• http://ro.uow.edu.au/smhpapers/3325

Start Page


  • e0140711-1

End Page


  • e0140711-60

Volume


  • 10

Issue


  • 11

Abstract


  • Background

    We systematically reviewed interventions that attempted to change staff practice to improve long-term care resident outcomes.

    Methods

    Studies met criteria if they used a control group, included 6 or more nursing home units and quantitatively assessed staff behavior or resident outcomes. Intervention components were coded as including education material, training, audit and feedback, monitoring, champions, team meetings, policy or procedures and organizational restructure.

    Results

    Sixty-three unique studies were broadly grouped according to clinical domain—oral health (3 studies), hygiene and infection control (3 studies), nutrition (2 studies), nursing home acquired pneumonia (2 studies), depression (2 studies) appropriate prescribing (7 studies), reduction of physical restraints (3 studies), management of behavioral and psychological symptoms of dementia (6 studies), falls reduction and prevention (11 studies), quality improvement (9 studies), philosophy of care (10 studies) and other (5 studies). No single intervention component, combination of, or increased number of components was associated with greater likelihood of positive outcomes. Studies with positive outcomes for residents also tended to change staff behavior, however changing staff behavior did not necessarily improve resident outcomes. Studies targeting specific care tasks (e.g. oral care, physical restraints) were more likely to produce positive outcomes than those requiring global practice changes (e.g. care philosophy). Studies using intervention theories were more likely to be successful. Program logic was rarely articulated, so it was often unclear whether there was a coherent connection between the intervention components and measured outcomes. Many studies reported barriers relating to staff (e.g. turnover, high workload, attitudes) or organizational factors (e.g. funding, resources, logistics).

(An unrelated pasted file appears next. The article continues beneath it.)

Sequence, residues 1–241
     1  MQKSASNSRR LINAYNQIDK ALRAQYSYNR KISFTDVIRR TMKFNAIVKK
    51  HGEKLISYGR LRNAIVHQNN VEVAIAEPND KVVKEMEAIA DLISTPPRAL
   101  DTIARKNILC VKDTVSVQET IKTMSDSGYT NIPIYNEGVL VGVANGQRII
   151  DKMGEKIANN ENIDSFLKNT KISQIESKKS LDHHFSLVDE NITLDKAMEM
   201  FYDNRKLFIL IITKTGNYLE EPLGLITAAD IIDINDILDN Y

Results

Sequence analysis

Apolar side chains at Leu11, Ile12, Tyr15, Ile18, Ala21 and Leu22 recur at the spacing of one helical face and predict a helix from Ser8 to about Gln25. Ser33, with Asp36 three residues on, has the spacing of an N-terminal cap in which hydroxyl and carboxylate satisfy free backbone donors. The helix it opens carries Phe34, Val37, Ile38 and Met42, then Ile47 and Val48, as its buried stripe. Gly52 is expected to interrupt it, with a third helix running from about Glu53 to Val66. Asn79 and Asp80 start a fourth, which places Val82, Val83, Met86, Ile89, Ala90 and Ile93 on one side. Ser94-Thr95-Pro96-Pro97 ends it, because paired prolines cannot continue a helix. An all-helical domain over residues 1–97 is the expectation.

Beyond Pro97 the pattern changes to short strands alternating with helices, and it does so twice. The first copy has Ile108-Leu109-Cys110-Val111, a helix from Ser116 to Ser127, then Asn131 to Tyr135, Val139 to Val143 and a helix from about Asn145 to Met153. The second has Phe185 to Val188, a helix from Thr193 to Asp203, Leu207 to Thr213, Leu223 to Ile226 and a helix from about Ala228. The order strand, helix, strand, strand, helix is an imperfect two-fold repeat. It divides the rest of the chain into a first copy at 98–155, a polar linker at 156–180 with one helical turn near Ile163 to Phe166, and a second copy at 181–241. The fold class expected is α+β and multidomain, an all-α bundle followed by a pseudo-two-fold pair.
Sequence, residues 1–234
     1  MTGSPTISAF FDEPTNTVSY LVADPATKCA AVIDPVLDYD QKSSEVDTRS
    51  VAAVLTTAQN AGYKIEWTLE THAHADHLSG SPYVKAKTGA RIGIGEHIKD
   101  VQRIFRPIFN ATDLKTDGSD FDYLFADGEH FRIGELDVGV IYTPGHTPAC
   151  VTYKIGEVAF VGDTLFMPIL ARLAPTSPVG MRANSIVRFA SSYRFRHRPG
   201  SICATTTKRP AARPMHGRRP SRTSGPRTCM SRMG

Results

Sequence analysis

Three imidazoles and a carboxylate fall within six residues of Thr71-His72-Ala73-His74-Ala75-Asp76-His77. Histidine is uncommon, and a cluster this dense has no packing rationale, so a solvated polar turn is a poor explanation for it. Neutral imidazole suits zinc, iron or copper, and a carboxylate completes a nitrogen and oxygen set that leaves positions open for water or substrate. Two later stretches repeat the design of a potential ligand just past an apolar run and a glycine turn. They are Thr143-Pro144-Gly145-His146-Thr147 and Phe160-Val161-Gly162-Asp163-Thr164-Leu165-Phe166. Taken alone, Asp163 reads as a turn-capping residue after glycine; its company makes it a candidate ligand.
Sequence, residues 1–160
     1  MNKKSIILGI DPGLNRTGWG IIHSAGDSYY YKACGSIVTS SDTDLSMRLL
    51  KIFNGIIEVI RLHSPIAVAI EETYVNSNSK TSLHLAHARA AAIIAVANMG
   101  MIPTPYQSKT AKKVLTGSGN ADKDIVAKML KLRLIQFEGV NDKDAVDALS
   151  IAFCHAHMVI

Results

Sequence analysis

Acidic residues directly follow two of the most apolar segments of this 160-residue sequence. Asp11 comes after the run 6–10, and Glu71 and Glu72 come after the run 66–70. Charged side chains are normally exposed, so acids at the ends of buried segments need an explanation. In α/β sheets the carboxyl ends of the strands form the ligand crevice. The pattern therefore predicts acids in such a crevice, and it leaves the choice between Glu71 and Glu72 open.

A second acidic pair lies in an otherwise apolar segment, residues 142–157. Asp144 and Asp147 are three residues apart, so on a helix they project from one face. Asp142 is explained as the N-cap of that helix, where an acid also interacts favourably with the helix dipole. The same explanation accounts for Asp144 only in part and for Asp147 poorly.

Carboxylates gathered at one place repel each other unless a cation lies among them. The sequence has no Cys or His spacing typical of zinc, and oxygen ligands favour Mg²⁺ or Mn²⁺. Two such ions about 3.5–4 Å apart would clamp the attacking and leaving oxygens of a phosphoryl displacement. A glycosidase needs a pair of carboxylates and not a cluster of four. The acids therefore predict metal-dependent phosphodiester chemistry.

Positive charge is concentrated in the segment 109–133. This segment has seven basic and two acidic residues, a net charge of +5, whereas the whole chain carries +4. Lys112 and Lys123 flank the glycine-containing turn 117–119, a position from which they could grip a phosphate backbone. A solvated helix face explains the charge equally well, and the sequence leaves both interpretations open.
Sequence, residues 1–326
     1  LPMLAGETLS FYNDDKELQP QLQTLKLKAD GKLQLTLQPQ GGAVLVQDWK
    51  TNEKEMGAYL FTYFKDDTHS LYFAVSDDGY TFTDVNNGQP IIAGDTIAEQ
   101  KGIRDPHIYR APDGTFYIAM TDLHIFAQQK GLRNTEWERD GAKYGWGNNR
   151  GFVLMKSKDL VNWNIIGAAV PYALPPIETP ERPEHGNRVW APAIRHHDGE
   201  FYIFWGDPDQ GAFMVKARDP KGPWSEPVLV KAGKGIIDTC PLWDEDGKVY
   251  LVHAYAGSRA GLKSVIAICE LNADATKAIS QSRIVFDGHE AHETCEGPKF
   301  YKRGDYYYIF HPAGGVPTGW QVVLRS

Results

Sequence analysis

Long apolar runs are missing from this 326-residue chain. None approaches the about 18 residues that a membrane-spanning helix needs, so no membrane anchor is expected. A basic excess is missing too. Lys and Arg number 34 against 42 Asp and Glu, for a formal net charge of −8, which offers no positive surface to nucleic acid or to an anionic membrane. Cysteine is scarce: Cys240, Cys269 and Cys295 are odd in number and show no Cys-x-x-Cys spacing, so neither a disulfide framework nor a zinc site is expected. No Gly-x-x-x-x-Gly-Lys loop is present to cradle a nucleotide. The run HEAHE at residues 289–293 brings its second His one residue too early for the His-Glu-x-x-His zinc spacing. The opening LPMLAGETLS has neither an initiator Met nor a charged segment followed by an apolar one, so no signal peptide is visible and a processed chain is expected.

Conclusion

    Changing staff practice in nursing homes is possible but complex. Interventionists should consider barriers and feasibility of program components to impact on each intended outcome.

Authors


  •   Low, Lee-Fay (external author)
  •   Fletcher, Jennifer (external author)
  •   Goodenough, Belinda J.
  •   Jeon, Yun-Hee (external author)
  •   Etherton-Beer, Christopher (external author)
  •   MacAndrew, Margaret (external author)
  •   Beattie, Elizabeth (external author)

Publication Date


  • 2015

Citation


  • Low, L., Fletcher, J., Goodenough, B., Jeon, Y., Etherton-Beer, C., MacAndrew, M. & Beattie, E. (2015). A systematic review of interventions to change staff care practices in order to improve resident outcomes in nursing homes. PLoS One, 10 (11), e0140711-1-e0140711-60.

Scopus Eid


  • 2-s2.0-84955517730

Ro Full-text Url


  • http://ro.uow.edu.au/cgi/viewcontent.cgi?article=4348&context=smhpapers

Ro Metadata Url


  • http://ro.uow.edu.au/smhpapers/3325

Start Page


  • e0140711-1

End Page


  • e0140711-60

Volume


  • 10

Issue


  • 11